They’re crawly and they’re creepy. Mysterious and eerie. They’re altogether icky. They’re the louse-y family and they have haunted human hair (and nether regions) for millennia. For parents, the arrival of these microscopic creatures on the scalps of children can lead to quite the headache as remedy requires a rigorous regimen of de-infestation as well as routine shampooing with unpleasant chemicals.
One of the most popular options is a group of synthetic chemicals based on a natural insecticide found in the chrysanthemum flower, pyrethrum. Called pyrethroids, these molecules target the nervous system of a variety of insects, including flies, wasps, cockroaches, mosquitoes and the louse, leading to rapid paralysis and death. Thanks to their effectiveness, they are widely used and can be found in any garden store and pharmacy, particularly in anti-lice treatment shampoos.
Unfortunately, much like antibiotics, these chemicals do not act in a passive manner but in an active one, meaning that the chance for resistance is not only possible, it is likely. Even as far back as the 1950s, insects with the ability to resist pyrethrum, known as knockdown mutants, were known. Back then, there was no ability to test for genetic mutation and as such, the evidence was regarded mainly as a fluke, rather than a trend. But by 1969, as antibiotic resistance was rising, a call to be mindful of a potential rise in insecticide resistance was made. There was every indication that the shelf life of pyrethrum and its associated chemicals was limited.
By 1994, the mechanism of resistance was elucidated. As expected, a mutation in the target molecule of the nervous system had occurred, preventing pyrethrum performance. The only question was how prevalent the mutation was in the normal insect population and whether this would have any effect on human health. As the hunt for resistance ensued, the answer was relatively clear: the mutation was everywhere and was spreading worldwide. It was only a matter of time before lice also gained the mutation.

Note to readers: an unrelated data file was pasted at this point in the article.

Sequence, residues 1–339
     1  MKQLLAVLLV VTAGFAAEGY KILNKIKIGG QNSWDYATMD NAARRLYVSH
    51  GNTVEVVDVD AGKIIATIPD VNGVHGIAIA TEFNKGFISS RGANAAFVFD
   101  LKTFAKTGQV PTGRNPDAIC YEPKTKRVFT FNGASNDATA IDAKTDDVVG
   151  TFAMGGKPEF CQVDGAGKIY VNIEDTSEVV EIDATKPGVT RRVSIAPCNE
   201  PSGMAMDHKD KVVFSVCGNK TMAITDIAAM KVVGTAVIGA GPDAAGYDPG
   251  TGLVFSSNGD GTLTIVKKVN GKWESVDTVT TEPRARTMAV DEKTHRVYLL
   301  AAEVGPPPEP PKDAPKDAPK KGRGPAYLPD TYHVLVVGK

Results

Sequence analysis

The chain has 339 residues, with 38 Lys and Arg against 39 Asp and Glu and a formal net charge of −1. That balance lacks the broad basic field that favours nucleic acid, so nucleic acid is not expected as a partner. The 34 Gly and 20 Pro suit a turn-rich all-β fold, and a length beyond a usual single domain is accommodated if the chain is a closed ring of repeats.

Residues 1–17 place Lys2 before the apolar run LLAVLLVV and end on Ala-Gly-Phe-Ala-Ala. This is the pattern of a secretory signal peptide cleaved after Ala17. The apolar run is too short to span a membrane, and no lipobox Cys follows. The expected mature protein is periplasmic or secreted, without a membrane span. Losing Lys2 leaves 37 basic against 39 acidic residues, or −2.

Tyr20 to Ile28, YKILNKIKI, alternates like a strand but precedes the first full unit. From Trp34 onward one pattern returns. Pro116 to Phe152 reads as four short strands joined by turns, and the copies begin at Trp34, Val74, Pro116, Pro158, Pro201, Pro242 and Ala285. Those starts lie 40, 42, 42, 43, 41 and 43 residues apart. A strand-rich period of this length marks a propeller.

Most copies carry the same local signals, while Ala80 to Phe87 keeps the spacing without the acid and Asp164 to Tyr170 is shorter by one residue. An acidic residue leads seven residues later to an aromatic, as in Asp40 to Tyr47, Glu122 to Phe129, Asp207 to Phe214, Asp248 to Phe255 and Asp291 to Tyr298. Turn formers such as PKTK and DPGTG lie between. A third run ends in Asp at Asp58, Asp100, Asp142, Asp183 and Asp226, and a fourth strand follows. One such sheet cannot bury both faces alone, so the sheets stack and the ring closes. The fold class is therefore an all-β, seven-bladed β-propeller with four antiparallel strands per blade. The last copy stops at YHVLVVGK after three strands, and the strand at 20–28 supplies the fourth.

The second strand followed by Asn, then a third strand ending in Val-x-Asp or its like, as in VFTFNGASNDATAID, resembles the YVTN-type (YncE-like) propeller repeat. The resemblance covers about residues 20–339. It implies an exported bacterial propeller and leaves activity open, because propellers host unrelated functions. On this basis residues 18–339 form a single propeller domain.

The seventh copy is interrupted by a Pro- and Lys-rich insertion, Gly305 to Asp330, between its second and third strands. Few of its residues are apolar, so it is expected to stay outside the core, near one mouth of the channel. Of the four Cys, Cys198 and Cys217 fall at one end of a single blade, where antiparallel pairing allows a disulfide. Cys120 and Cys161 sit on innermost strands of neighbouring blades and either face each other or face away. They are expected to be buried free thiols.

Within five years, the mutation was found and over the coming decade, its prevalence was not only shocking but depressing. By 2011, these super-lice existed in over a dozen countries; some of which, such as Australia, had only resistant populations. For the Australians, pyrethrum and pyrethroids would be considered useless. The continent had lost a main weapon and would have to turn to other means.
Although the situation was dire in the Land Down Under, the statistics for North America were more promising. The mutation was there but in lower amounts. Some places, such as Minnesota and Florida did have higher levels but for the most part, there was still hope for the future. But this week, a group from the University of Massachusetts changed all that, revealing just how the resistance has grown and spread, particularly into Canada.
The team went about their study in the same way as a detective. They used lice either collected previously or in real time from a number of locations including Arizona, California, Florida, Texas, British Columbia, Ontario and Quebec. Taking the critters to the lab, they analyzed them genetically for the presence of the mutation. After all was said and done, they determined the percentage of positive pests for each region.
The results were even worse than expected. In every region, almost all the lice had the mutation. Instead of discovering small pockets of resistance, the researchers found it was rampant. There was almost no indication of lice that could be killed with pyrethrum or pyrethroids. Worse, a comparison to just three years earlier revealed the spread was unstoppable. The authors suggested the results were not only a message but also a harbinger. In order to beat lice in the future, alternate measures may be necessary yet they too could eventually become worthless should resistance appear and spread.
While this lousy situation may appear to be shocking, few differences exist between these events and what has been seen in the world of antibiotic resistance. Much like the identification of pyrethrum resistance decades earlier, the development of antibiotic resistance was known as soon as these miracle drugs became publically available. Yet, few paid attention. History has since shown what happens when a warning is not heeded. Today, much like the end of pyrethrum-based insecticide, we are faced with the end of antibiotics and must look to other directions for the future.
In light of the data, we need to look towards less synthetic paths and return to more natural ones. In the case of antibiotics, the use of phages and other microbes may offer hope. In the case of the pyrethrum- and pyrethroid-resistant lice, the use of natural shampoos may offer a direction for the future. Epitomizing this is a treatment containing coconut oil and anise that outperforms its synthetic counterparts. The answers are apparent but require more lateral thinking to ensure moving forward does not leave us scratching our heads later on.